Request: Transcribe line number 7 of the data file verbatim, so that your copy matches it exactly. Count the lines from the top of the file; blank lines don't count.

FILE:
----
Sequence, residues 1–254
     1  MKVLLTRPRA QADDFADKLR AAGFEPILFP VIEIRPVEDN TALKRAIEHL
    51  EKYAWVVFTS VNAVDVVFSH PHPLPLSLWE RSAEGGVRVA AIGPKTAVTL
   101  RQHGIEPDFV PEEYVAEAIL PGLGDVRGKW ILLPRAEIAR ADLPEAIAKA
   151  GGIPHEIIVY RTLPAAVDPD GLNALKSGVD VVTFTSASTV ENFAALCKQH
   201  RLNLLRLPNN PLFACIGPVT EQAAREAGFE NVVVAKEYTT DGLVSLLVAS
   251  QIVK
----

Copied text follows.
   251  QIVK